George Mason, Luther Martin, and the Anti-Federalist Origins of State Power in American Constitutionalism

John Rand

Advisor: Rosemarie Zagarri, PhD, Department of History and Art History

Committee Members: Randolph Scully, George Oberle III

Horizon Hall, #3223
March 19, 2024, 10:00 AM to 01:00 PM

Abstract:

George Mason of Virginia and Luther Martin of Maryland became leading figures in the debate over the ratification of the United States Constitution. Their contributions to the emerging nation are due for a reassessment. This dissertation makes the case for Mason and Martin as not just two among many Anti-Federalists but as figures who were among the most important Anti-Federalist leaders of the time. Both men attended the Philadelphia Convention and made significant contributions in shaping the Constitution. Afterward, their decision to oppose the document had a powerful impact on the public debate. Martin and Mason used the power of the press to voice their views and extend their influence far beyond their individual states. Significantly, their publications, published under their own names, were reprinted more times than other Anti-Federalist works during the ratification debate. While they did not prevail in the ratification debate, their ideas concerning individual liberty and the centrality of state power persisted long after the Founding Era.

Besides their shared political views, Mason and Martin also shared other important traits: both were slaveholders and both came the country’s Chesapeake region. Unlike northern states, Virginia and Maryland did not move to abolish slavery during or after the American Revolution. Unlike the states of the Deep South, in their states’ slavery was in decline. Their distinctive regional origins and background shaped their particular version of Anti-Federalism. Both men supported preserving state power but both spoke out against either slavery or the slave trade. Neither Mason and Martin portrayed state power as a means of defending the institution of slavery. In later decades, southerners would appropriate their ideas and mold them into a states’ rights argument that would be used to preserve slavery.

Despite their inability to derail the Constitution, both Mason and Martin also made other substantive contributions to the development of American constitutionalism. At the Philadelphia Convention, Martin introduced the Constitution’s Supremacy clause, arguably the most important provision in establishing the federal government’s authority over the states. During the ratification debate, Mason’s Objections to the Constitution became a rallying point for those who desired the addition of amendments to the document. By making individual and state liberties a central issue, Mason and other Anti-Federalists put pressure on the First Congress to pass a Bill of Rights. Long after ratification, Luther Martin continued to press the case for preserving state power. He represented his home state in the landmark 1819 Supreme Court case of McCulloch v. Maryland. Although Martin lost, McCulloch addressed the extent of the federal government’s power in light of the Constitution’s Tenth Amendment, Supremacy Clause, and Necessary and Proper Clause.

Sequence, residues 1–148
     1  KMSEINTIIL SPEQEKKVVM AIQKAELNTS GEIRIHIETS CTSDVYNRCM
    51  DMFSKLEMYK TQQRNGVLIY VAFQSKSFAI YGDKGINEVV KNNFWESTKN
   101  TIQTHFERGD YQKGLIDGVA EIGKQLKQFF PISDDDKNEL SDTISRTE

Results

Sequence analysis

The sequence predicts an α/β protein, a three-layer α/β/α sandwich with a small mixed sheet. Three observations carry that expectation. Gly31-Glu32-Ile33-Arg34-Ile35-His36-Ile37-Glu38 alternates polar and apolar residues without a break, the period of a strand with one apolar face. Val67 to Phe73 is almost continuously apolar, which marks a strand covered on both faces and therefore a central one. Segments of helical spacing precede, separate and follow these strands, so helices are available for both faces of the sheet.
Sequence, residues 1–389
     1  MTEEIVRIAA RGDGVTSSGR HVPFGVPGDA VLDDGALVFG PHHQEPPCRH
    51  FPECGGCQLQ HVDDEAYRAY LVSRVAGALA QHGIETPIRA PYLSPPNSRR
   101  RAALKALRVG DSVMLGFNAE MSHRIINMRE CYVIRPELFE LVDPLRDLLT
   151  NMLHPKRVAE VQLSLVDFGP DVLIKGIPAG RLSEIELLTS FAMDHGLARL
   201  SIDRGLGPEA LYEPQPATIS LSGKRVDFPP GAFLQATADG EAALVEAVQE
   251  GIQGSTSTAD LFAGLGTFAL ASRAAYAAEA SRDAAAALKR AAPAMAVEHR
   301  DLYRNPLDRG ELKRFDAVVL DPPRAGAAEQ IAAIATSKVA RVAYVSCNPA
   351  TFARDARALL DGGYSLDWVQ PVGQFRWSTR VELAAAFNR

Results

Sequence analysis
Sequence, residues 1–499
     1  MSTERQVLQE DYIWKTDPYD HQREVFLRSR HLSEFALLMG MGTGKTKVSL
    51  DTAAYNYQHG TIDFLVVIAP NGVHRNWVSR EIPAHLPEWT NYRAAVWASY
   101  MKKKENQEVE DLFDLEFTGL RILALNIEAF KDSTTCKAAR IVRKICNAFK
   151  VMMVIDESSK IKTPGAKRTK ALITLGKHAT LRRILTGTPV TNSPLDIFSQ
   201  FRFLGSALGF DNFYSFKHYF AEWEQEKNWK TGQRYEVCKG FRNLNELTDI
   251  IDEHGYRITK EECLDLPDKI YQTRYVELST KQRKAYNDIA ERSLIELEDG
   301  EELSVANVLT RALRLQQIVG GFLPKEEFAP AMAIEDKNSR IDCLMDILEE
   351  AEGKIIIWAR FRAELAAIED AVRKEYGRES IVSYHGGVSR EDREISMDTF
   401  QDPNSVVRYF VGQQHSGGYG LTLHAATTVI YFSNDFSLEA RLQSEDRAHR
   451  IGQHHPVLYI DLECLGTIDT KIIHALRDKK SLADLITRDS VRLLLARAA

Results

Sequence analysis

George Mason and Luther Martin have had a long-lasting and hitherto understudied impact on the development of American constitutional thinking. Through their efforts, the plain language of the Tenth Amendment has kept the hope alive of state power in face of the increased power of the federal government. During the antebellum era, southerners distorted their views about state power to serve the interests of slavery. By the twentieth century and beyond, supporters of states’ rights would resurrect their views for other purposes. Yet Mason and Martin’s ideas must be considered in the context of their own time in order to understand their present-day significance. In both instances, the effectiveness of their distinctively Chesapeake defense of state power in opposing the Constitution has made an enduring impact on American constitutionalism.